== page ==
Learning meditation is much easier with a good teacher. And face-to-face classes can work better for many than online courses or books, because of the moral support, the interaction between students and the weekly ‘nudge’, to keep your practice fresh.
- But how do you know if a particular meditation class is right for you?
- How do you know whether the teacher will actually be able to help you?
- How can you find out whether their ‘style’ of meditation is what you’re looking for?
Here are 10 questions you should ask, BEFORE going to a meditation class!
There’s a huge difference between ‘deep relaxation’, ‘guided visualisations’, meditation and even ‘blatant brainwashing’.
But, surprisingly, not all meditation teachers know this! Some are formally trained to teach, others aren’t. Both options are ok. But it’s worth making sure you know what you want from your meditation classes – and what you might be getting – before you invest your time, money and emotions in a course.
Quit the class, not your meditation journey!
Warning! The ‘wrong’ meditation class could put you off meditating, for life! If a class doesn’t feel right / work for you, that’s fine. Quit and find another one.
Of course, you’ll want to include the obvious questions like when, where, how much, what kind of meditation (if that’s important to you), what equipment you need, etc. But the following 10 questions will give you a good idea of whether the class is for you.
Read them through and make a note of which resonate for you. They’re the ones to start with.
- What happens during one of your classes?
This is probably more important than ‘what kind of meditation do you teach?’ because, unless you’re already an expert on different kinds of meditation, you can’t do much with that answer! 😉
What you’re looking for here is how they prepare you to meditate and then how the meditation ‘works’.
Do you turn up stressed and tired and go straight into silent sitting, or do you prepare your body and mind first?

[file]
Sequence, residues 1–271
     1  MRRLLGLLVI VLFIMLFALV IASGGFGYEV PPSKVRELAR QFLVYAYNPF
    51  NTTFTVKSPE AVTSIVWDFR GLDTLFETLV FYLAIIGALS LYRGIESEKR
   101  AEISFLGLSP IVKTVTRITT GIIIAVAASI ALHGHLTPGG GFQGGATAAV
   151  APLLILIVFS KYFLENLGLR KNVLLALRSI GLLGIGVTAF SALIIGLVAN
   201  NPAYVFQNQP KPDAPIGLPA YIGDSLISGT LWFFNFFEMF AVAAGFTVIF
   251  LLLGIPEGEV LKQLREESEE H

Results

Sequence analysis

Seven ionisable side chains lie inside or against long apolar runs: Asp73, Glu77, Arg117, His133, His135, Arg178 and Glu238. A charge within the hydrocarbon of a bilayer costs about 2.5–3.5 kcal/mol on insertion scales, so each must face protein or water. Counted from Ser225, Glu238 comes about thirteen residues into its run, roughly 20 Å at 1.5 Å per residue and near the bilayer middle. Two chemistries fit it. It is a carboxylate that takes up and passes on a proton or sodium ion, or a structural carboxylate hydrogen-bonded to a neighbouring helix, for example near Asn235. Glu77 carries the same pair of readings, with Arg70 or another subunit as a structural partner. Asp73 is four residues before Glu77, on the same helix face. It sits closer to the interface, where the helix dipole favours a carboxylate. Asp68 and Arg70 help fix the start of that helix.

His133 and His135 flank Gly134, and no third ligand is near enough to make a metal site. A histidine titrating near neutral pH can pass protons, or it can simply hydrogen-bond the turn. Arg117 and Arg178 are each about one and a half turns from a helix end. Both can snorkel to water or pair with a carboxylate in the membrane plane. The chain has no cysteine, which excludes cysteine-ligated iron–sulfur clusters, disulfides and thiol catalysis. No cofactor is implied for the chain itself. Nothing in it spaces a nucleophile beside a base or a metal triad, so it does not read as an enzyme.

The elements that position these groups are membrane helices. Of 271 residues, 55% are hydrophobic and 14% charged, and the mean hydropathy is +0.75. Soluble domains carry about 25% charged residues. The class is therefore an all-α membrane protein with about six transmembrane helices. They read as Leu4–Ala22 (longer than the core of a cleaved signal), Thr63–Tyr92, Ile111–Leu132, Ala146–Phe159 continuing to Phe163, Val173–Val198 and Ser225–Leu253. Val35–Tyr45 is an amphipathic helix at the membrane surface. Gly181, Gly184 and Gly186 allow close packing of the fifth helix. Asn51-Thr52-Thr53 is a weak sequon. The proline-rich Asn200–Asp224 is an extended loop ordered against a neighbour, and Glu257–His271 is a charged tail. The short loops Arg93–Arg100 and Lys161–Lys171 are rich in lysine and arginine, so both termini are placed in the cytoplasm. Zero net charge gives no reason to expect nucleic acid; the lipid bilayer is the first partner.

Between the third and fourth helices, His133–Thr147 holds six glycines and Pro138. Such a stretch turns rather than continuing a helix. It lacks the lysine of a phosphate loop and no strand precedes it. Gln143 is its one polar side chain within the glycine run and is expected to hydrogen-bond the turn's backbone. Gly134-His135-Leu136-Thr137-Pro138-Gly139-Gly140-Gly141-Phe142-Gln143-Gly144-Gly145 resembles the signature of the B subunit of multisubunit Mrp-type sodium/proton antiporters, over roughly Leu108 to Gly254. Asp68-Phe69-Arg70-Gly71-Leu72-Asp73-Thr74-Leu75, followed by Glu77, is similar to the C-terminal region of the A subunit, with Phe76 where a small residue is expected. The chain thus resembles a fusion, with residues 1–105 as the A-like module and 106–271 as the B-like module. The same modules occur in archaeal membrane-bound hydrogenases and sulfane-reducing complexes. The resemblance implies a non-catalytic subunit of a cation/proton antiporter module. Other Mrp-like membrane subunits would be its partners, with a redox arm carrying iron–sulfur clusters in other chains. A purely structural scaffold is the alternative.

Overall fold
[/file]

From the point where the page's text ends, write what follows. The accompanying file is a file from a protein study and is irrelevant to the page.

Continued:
Is the meditation itself guided or ‘free form’?
There’s no ‘right or wrong’. What matters is how well the class structure fits with what you are looking for.
- Are your classes affiliated with any particular religious beliefs or practices?
Some meditation teachers require you to adopt particular belief systems – or their work might be firmly grounded in a particular religion.
Again, there’s no right or wrong. But if you have strong views on this, it’s an important question to ask.
And this is the point to probe to beware of potential brain washing! 😉
- What are your qualifications?
Meditation classes are one of the biggies for unqualified teachers, charging you to teach you a new skill.
You wouldn’t consider, for example, a yoga or pilates class from an unqualified teacher.
Some meditation teachers, who aren’t formally trained, can run inspiring classes that really help you create a strong meditation habit.
There can be a huge difference between being a good meditator and being a good meditation teacher.
If this is important to you, ask the question. And feel free, when they respond, to ask what their training involved!
- How do I know whether your classes are safe for me? (Physically and psychologically)
Some kinds of meditation are a really bad idea if you’re suffering from, for example, clinical depression. Other types, however, are clinically proven to help.
Some kinds of sitting meditation are a bad idea if you have back or knee problems. Others aren’t.
Ask the teacher. If they can’t give you a clear answer, and it’s something that concerns you, then steer clear.
- How can you help me with my posture, for my meditations?
For seated meditations, good posture can make all the difference between a great meditation and 30 minutes of physical agony!
A good teacher should be able to tell you how they could help you tweak your posture to make things more comfortable – and physically more healthy for you.